Grayson’s glorious achievement hints at return to classic values
Leeds’ powerful statement of footballing intent shows that they have not lost sight of club’s heritage
However you want to debate the enduring appeal of the FA Cup – 10 years after it was sold out when the holders, Manchester United, were urged by the FA and Fifa to compete instead in some wretched, money-grabbing World Club tournament fiasco in South America – we have to accept that some time ago it became a matter of convenience.
It is something to be used when deemed necessary.
However, it is important to take the stupendous performance of Leeds United at Old Trafford yesterday out of the equation. You should do this because, strictly speaking, it wasn’t so much about the magic of the oldest and most romantic club competition in football, the one that could hardly draw flies in places like Wigan and Middlesbrough and Milton Keynes. It was mostly to do with the unbreakable allure of football, the one which will always carry the hope that the next match will be the one when everything changes.
The appeal, this was, of a game which sooner or later has a tendency to return to classic values.
Whether Leeds continue to perform heroics in the competition that has been betrayed so many times by the sheer weight of pressure to chase the rising financial rewards that can be so precisely measured league by league, TV contract by TV contract, was certainly something left in the margins of a brilliant victory.
What Leeds were exemplifying was not any inordinate love of competing for the old silver – indeed, the star of the show, Jermaine Beckford, may well be dressing himself in new colours long before the end of this month’s transfer window – but the ability of players, with the right handling and proper leadership, to respond to the greatest challenge of their lives.
When Peter Lorimer declared 48 hours ago that he saw a lot of the young Don Revie in Simon Grayson, the 40-year-old manager who handled the greatest triumph of his career with such superb composure and easily drawn perspective, there may have been an understandable inclination to indulge the old hero in a little bit of hubris.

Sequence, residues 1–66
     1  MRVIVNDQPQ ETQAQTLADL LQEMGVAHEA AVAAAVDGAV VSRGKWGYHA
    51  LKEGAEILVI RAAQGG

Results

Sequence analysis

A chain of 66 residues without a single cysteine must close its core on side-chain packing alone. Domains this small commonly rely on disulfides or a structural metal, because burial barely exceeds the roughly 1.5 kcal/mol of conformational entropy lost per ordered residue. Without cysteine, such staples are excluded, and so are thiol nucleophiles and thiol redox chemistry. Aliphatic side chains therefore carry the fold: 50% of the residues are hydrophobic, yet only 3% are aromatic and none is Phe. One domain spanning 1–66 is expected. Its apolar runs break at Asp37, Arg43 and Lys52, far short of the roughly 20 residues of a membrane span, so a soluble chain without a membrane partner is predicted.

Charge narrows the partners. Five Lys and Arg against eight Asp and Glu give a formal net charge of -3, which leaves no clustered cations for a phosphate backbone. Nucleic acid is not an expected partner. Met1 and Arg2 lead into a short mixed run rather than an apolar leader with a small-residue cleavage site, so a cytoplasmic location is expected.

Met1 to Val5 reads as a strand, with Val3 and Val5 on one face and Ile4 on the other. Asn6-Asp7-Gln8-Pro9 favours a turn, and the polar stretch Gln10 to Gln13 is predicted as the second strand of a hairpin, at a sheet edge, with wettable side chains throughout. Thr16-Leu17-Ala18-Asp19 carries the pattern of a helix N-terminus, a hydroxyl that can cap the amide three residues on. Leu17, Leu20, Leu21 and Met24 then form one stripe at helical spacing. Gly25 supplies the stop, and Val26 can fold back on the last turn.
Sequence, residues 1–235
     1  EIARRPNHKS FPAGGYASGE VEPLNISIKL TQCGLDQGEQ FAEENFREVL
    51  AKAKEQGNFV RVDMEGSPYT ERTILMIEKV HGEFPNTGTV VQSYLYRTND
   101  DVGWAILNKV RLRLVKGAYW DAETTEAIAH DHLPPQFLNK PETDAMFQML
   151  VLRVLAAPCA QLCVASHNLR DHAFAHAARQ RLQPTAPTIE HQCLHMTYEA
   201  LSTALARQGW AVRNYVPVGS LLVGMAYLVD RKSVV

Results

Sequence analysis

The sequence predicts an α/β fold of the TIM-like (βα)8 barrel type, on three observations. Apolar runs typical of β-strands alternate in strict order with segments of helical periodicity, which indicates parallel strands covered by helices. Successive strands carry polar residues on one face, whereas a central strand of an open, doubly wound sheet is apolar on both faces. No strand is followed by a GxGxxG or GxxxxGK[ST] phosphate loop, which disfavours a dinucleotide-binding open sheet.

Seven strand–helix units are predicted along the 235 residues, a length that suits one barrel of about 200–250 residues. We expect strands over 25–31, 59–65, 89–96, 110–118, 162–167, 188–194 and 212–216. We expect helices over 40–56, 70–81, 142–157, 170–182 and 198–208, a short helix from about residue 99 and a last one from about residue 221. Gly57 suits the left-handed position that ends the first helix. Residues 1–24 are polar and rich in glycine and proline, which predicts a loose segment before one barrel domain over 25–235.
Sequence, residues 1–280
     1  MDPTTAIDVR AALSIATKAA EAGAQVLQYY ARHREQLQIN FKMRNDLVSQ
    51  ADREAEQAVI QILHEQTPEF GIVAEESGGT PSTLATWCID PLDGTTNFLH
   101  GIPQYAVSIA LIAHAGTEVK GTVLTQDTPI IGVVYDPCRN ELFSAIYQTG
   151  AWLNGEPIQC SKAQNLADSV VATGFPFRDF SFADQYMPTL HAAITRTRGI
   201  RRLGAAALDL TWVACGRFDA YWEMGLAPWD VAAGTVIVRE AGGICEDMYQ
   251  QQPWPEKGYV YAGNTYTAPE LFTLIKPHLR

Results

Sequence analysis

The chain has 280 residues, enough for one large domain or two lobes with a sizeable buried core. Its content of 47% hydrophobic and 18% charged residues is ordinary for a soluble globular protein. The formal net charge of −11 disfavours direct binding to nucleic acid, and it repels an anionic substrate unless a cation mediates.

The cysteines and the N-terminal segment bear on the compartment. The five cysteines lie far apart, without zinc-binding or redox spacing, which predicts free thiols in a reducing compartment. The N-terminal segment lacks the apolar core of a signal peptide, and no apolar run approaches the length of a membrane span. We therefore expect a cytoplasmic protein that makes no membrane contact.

He had, after all, watched the club he once represented with such power and pride, go into one of the most vertiginous descents in the history of organised football. And now he was about to visit an old hunting ground to cheer on a uniformly committed team who had brought his old club away from the abyss of bankruptcy and, as runaway leaders of the third tier of English football, given at least the promise of a new dawn.
He couldn’t resist drawing the Revie parallel because of the way this Leeds team played, with such tremendous vigour and professional intensity. He had, after all, been reminded of those days when Leeds simply refused to give quarter.
He was hearing echoes of the past and yesterday anyone who knew anything of that old Leeds team would surely have heard them too.
“This,” said Lorimer, “could be a huge milestone. It can fill the club with new belief.”
No, United were not at their strongest. The defensive weight and assurance that is left on the sidelines when Rio Ferdinand and Nemenja Vidic are missing remains profound, but by the end of the match Alex Ferguson had thrown a formidable battery of talent at the team who, when the pressure was applied most clinically, were supposed to become no more than white-clad ghosts of the past.